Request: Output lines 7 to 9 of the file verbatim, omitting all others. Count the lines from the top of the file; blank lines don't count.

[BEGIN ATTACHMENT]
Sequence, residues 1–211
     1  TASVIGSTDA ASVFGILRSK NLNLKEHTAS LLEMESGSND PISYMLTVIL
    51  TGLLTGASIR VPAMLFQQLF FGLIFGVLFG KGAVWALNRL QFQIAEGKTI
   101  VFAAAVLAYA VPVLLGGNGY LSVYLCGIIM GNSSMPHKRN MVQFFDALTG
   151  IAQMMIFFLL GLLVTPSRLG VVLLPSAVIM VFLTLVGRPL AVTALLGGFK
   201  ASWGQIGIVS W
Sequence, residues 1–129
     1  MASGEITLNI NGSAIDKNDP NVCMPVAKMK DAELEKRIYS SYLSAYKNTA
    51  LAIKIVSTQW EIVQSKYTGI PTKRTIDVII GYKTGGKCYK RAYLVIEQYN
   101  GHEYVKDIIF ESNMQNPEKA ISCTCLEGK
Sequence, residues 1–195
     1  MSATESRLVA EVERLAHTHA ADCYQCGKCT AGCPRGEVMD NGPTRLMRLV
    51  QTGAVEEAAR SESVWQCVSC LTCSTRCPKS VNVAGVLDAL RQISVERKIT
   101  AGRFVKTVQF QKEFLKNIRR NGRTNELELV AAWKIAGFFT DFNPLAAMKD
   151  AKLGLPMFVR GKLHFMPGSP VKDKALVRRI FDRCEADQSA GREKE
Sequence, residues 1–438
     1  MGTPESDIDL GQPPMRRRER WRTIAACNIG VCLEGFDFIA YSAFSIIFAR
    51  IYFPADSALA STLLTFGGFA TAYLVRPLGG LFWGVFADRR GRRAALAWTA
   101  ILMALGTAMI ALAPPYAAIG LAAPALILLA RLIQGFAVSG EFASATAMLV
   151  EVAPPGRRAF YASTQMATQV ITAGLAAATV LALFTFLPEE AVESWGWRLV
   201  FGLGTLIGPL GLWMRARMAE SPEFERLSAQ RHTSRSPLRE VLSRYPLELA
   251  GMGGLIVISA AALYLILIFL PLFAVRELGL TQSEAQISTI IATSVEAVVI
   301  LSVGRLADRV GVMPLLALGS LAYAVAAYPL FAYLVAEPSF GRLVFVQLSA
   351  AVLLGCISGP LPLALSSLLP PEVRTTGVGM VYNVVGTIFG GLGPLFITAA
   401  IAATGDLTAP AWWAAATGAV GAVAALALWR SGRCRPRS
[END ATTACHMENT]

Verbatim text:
Sequence, residues 1–129
     1  MASGEITLNI NGSAIDKNDP NVCMPVAKMK DAELEKRIYS SYLSAYKNTA
    51  LAIKIVSTQW EIVQSKYTGI PTKRTIDVII GYKTGGKCYK RAYLVIEQYN